I hope that nothing that I said in opening this debate gave rise to the impression that I considered that the risk to which I referred in my speech, and which has been elaborated with much greater clarity by my noble and learned friend Lord Hailsham of Saint Marylebone is a risk which is of substantial size; that it is likely to occur on more than a minimum of occasions. But there is the risk; and if it can be eliminated let us eliminate it for the reasons given. It is not all that easy to say that the risk may not extend. My noble and learned friend on the Woolsack quoted a passage from the judgment of the court in the Van Duyn case, where they said it is necessary to examine in every case whether the nature, general scheme and wording of the provision in question are capable of having direct effects on the relations between Member-States and individuals. There is—and this is the difficulty at the moment and why one wants to get the solution enforced now— no case law beyond the Van Duyn case itself which sets down how the criteria are to be applied. This is a topic which it is in the nature of judicial decisions to develop. If anyone had been asked in 1972, when we were debating the European Communities Bill, whether a Directive could in any event (apart from the kind of Directive which simply puts a time limit to something which was already directly applicable) be itself directly applicable, I at any rate—and, I think, everyone in this House and everyone I know familiar with the Treaty— would have said, no. It has developed one step, as case law does develop, in the Van Duyn case. Let us make sure that it does not develop further. So long as there is a risk of its developing further, the uncertainty is made the greater. That is why I am grateful to my noble and learned friend on the Woolsack for the assurance that the matter will be looked into.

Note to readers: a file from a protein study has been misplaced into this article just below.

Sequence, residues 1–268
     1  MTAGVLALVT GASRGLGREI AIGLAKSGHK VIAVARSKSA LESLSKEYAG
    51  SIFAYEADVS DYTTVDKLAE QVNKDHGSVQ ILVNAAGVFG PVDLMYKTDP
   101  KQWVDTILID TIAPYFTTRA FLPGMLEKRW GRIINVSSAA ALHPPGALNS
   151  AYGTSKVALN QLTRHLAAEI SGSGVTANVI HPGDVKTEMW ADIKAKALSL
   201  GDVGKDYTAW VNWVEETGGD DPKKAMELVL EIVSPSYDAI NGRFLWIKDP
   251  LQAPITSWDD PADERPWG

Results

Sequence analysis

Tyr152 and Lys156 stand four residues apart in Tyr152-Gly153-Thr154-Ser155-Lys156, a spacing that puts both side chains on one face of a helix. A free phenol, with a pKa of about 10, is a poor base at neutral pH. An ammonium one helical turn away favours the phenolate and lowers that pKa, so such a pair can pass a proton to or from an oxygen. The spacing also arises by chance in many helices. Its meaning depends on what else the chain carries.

May I say one thing in ending? I ventured in my introductory remarks, when I tried to get the matter into perspective, to say that the way that Parliamentary sovereignty operates depends on us; the control which Parliament can have upon the way Ministers exercise national sovereignty depends on the machinery which we create ourselves in Westminster to ensure that there is an opportunity for discussion and for making known to Government the views of the Members of this House. This debate I think has shown that if this House uses the machinery which has already been set up, it is possible to convey to Government the views of this House and to bring those views to their attention so that they may pay regard to them when exercising sovereignty on behalf of the United Kingdom.

On Question, Motion agreed to.